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The Ocean at the End of the Lane by Neil Gaiman

The Ocean at the End of the Lane

I don’t know what possessed me to request The Ocean at the End of the Lane as a gift one Christmas many years ago since I seldom enjoy tales involving the supernatural. Nor do I often read what has been labelled ‘cross over fiction’  – books that can be read and enjoyed by adults and children alike.

I did enjoy reading it far more than I expected and would have given it a wholehearted endorsement but for one thing….

Gaiman relates his story through the eyes of an unnamed man who has returned to his hometown for a funeral and recalls events that began forty years earlier.

As a child he is a solitary figure with no friends (no-one turns up for his seventh birthday party), a fearful boy who sleeps with his bedroom door open and the hallway light on. His world is transformed the day his parents’ lodger kills himself in the family car, an event which enables a supernatural being to gain access to our world.

That day  is also significant for another reason. It is the boy’s first meeting with a young girl called Lettie Hempstock who lives in a house at the end of a lane with her mother and grandmother. The boy is captivated by them, especially when Lettie tells him that the pond behind her house, an expanse of “dark water spotted with duckweed and lily pads” is  really an ocean. But he isn’t too sure what to make of Old Mrs Hempstock. Could she really make the moon full every night and how could she have been alive long enough to have witnessed the Big Bang?

The trio of women turn out to have special powers that are needed when dangerous, malevolent forces begin to attack the boy and get into his house in the form of a nanny. The narrator is the only one in his family to suspect Ursula Monkton is not what she seems. She worms her way into the home, ingratiating herself with his sister and seducing his father, a situation which leads to a complete breakdown in the relationship between the boy and his father.

In one of the most memorable scenes, the boy’s father who had hitherto been a kindly man, turns violent, dumping the terrified child in a freezing bath and holding him under the water.  Worse is to come when the Hempstocks do battle with the dark forces, threatening them with annihilation if they do not return to their own world. The boy is saved but one of the women is sacrificed in the process.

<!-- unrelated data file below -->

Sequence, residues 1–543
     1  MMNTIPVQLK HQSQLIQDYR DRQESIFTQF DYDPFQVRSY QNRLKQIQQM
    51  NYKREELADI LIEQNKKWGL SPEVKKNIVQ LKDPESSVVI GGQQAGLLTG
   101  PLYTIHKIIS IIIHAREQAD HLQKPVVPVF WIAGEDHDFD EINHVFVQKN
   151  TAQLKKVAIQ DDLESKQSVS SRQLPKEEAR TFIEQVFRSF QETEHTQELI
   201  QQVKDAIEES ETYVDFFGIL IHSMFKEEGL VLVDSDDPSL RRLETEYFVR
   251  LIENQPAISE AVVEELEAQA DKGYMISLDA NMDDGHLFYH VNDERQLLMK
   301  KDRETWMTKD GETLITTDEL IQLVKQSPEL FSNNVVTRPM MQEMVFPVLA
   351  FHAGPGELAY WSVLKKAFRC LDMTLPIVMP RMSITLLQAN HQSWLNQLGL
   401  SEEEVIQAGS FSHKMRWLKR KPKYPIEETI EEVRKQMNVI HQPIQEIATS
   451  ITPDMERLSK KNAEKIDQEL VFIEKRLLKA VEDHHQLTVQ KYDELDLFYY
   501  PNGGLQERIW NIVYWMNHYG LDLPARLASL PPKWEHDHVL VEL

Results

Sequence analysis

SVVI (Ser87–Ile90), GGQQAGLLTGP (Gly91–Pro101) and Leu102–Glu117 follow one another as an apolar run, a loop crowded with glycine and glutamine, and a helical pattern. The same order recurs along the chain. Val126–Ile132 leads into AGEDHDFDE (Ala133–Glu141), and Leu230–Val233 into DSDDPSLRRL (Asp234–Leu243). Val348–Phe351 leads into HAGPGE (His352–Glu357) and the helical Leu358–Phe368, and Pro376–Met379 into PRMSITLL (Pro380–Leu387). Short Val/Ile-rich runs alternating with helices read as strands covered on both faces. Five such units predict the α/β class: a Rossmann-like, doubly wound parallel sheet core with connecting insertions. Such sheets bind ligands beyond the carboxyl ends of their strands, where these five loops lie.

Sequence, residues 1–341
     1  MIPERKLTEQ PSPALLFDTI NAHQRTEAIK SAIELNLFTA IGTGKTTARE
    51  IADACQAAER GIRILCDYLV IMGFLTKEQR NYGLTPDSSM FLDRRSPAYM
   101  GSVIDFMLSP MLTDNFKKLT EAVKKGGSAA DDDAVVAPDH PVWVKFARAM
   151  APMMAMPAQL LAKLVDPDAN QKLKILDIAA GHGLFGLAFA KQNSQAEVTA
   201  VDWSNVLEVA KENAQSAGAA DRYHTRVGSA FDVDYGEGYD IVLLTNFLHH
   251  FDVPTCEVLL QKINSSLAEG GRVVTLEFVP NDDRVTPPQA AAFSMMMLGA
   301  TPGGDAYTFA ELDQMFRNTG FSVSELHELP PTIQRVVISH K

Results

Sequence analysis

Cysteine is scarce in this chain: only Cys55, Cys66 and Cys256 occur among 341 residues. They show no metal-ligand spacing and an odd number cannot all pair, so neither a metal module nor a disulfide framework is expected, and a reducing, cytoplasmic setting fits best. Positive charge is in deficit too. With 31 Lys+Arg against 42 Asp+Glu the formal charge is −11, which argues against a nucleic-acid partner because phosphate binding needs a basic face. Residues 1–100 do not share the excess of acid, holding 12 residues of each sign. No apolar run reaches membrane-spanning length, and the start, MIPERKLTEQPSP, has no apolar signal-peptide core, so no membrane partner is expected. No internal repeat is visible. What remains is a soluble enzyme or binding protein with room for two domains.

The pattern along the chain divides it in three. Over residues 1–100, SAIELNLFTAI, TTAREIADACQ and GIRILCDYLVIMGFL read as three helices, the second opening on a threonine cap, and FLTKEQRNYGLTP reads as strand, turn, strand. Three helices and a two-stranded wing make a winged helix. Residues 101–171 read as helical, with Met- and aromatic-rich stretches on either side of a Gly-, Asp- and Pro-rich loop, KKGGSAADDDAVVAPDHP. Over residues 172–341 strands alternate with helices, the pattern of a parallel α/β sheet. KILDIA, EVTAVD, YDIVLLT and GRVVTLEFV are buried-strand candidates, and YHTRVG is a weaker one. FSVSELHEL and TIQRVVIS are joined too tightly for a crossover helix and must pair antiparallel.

The Ocean at the End of the Lane is a coming of age novel that deals with the loss of innocence and the disconnection between childhood and adulthood.  Gaiman reminds us of the vulnerability many children experience during childhood, times when terrors seemed to lurk around every corner and could only be assuaged by the comforting arms of parents and adults. But what if the very people you turn to for succour cannot be relied upon? Gaiman’s narrator comes to realise that adults are not always what they seem: “People kept pulling their faces off to reveal new faces beneath,” he observes at one point.

He reaches another epiphany of understanding when he enters Lettie’s “ocean” and is “reborn” into a life where he knows and understands everything.

I saw the world I had walked since my birth, and I understood how fragile it was, that the reality I knew was a thin layer of icing on a great dark birthday cake writhing with grubs and nightmares and hunger.

I saw the world from above and below. I saw that there were patterns and gates and paths beyond the real. I saw all these things and understood them and they filled me, just as the waters of the ocean filled me.

Despite my normal scepticism I had been fully engaged by this story right up to this point. But then Gaiman destroys it in just a few sentences. As the boy is in the ocean he accepts what seems impossible – that candles can burn in water. Ok so far but what are we then to make of this:

I knew the peculiar crinkling of space on space into dimensions that fold like origami and blossom like strange orchids, and which would mark the last good time befoer the eventual end of everything and the next Big Bang, which would be, I knew now, nothing of the kind.

Or of this:

I understood it just as I understood Dark Matter, the material of the universe that makes up everything that must be there but we cannot find.

It’s one thing to accept that when an imaginative seven year old who loves books, describes his adventures we believe they are extraordinary.  But are we really meant to believe that the boy who thinks in terms of icing on birthday cakes is the same child as the one who fully comprehends  quantum physics and the nature of the universe?

This was however just one quibble and I’ll forgive Gaiman for this indiscretion because the rest of The Ocean at the End of the Lane was beautifully constructed and a joy to read. I’m not surprised it was voted Book of the Year in the 2013 British National Book Awards.

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